So I just booked some flight tickets to Poland for Easter. I will be out of Estonia for this period and it makes me quite happy as definitely – I would prefer to spend this time with my family instead of all alone and abroad. This led me think about what I miss about Poland and the first thing that appeared was… food. But not just food, it’s the local food that I would really love to eat right now.
There are some certain dishes that are common to my region however there is one thing that links them: most of them are made from potatoes. My region is still considered to be one of the poorest in Poland and when those dishes have been introduced – potatoes was the one of the vegetables that were commonly grown by locals. It kind of reminds me of the story for pizza creation – as initially it was done for the people in Italy who could not afford any specific food and had to rely on this dish.
The name of the region is “Suwalszczyzna” which is pronounced in quite a complicated way due to sz and cz being just next to each other :) This part of the world is divided between Poland and Lithuania – and in Lithuania it is called Suvalkija or Sūduva.
From Kartacze to Kiszka
I think that the dish that is mostly associated with my town is “Kartacze” – if I am planning to explain it to anyone from Poland I am saying that this is “bigger version of pyzy” which is not exactly through. Kartacze are made from cooked and uncooked potatoes with meat filling and they are of a size of a middle sized fist. Uncooked potatoes must be squeezed through the cloth to remove all the water they have after they are grated. Starch that goes from that water is also used during cooking. The whole preparing process is extremely long (like 4-5 hours) but the result is extremely delicious. And yes – three big cooking pots are usually eaten after 2 days because all the people in my family just love them.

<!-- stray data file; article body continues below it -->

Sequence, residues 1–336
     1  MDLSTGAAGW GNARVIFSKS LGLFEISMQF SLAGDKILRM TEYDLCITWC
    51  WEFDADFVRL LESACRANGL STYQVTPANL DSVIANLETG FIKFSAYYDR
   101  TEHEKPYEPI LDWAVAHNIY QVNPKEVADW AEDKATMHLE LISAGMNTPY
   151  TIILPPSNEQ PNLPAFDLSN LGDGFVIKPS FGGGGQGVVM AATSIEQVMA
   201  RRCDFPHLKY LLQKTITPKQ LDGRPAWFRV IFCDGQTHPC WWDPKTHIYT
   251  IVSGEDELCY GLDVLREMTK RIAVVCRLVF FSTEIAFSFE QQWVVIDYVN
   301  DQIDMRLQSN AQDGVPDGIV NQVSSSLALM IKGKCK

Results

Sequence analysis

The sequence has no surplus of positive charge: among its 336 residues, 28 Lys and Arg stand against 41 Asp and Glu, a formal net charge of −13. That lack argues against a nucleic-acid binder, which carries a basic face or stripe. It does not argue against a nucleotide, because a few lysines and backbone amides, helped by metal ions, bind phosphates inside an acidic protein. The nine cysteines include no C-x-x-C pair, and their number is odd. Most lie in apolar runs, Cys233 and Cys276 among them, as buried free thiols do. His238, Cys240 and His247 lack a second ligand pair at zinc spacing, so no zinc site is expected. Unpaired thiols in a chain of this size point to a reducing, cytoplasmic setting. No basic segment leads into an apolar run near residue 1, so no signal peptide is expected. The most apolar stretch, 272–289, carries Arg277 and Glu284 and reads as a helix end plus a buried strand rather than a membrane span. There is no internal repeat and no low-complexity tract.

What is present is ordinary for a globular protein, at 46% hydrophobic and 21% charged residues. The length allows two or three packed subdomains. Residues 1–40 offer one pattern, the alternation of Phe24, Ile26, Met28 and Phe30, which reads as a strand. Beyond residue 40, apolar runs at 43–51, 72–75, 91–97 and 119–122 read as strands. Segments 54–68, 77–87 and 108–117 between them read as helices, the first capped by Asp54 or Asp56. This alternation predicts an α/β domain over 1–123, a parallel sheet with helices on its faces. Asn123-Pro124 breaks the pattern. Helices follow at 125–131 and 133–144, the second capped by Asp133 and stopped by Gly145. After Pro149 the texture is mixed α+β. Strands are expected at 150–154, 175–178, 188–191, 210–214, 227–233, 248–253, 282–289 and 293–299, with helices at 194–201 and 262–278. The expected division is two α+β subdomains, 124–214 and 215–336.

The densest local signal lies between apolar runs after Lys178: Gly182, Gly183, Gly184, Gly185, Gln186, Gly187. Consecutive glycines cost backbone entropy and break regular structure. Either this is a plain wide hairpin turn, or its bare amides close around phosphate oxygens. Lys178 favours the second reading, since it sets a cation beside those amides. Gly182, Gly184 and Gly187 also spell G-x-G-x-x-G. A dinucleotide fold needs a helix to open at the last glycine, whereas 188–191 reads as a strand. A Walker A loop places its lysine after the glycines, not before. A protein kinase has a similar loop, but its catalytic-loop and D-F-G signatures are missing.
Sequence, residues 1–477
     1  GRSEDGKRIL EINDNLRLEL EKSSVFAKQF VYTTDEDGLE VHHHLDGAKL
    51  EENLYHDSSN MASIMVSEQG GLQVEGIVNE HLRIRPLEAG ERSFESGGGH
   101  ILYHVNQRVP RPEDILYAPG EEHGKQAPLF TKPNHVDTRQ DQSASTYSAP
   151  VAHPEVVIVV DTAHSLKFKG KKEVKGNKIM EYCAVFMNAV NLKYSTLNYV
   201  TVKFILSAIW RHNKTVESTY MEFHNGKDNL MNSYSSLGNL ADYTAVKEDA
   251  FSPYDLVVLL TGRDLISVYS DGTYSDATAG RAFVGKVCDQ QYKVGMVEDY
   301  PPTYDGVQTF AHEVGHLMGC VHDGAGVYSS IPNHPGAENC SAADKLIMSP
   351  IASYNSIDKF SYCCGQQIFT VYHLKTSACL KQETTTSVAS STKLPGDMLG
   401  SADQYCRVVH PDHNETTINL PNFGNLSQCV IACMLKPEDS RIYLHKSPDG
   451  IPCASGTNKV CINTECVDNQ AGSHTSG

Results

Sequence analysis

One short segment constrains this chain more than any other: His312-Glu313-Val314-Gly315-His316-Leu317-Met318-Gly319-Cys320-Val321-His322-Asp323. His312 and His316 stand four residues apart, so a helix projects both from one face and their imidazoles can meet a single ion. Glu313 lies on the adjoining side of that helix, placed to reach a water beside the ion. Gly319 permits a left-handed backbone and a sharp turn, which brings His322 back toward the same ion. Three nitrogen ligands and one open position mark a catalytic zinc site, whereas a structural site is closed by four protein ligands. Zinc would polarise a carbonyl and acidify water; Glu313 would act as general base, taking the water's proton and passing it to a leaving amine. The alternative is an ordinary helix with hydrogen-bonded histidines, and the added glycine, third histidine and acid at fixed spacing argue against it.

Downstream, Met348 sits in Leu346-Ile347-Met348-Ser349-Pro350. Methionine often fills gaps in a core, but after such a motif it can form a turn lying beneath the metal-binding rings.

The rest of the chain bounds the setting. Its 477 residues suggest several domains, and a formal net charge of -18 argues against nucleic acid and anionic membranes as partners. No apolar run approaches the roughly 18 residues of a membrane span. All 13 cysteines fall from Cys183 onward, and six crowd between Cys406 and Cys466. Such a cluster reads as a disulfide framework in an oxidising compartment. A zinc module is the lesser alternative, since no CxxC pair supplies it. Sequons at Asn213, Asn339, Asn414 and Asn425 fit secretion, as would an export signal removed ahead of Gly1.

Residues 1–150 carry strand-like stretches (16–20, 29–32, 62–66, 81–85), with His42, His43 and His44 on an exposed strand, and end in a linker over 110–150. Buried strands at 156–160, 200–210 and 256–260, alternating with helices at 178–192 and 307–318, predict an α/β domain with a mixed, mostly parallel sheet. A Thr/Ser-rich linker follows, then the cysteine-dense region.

That is how Kartacze look like. From http://www.kuchniaukrysi.blogspot.com
Polish Kartacze are actually a variation of Lithuanian Cepelinai. If you asked which dish was invented first – I am sure that Poles would say these were Kartacze while Lithuanians would say these were Cepelinai. Still – I don’t want to get into this discussion as such debate is not possible to be solved in a normal manner.
The main difference between these two dishes is the way Cepelinai and Kartacze are served. Lithuanians serve Cepelinai with cream while Poles would never do it this way. We are serving it with fried onion and pork scratchings. So most probably the Lithuanian version is with less calories, though the dish itself is surely not recommended to anyone who is on a diet :)
Cepelinai – as you can see they have cream and pork scratching… in Kaunas I ate the variation without pork scratchings though (from mamosreceptai.lt)
2. Babka ziemniaczana
Babka ziemniaczana is a type of a potato pie. This potato pie is made from potatoes mixed with meats (usually bacon and sausage), onions, eggs, potato flour and herbs. Potatoes must be grated, water has to be squeezed and then it all has to be mixed together. Before the meat is added, it has to be fried. The fact that meat is added makes the dish moist instead of being dry. The dish has to be baked for around 90 minutes.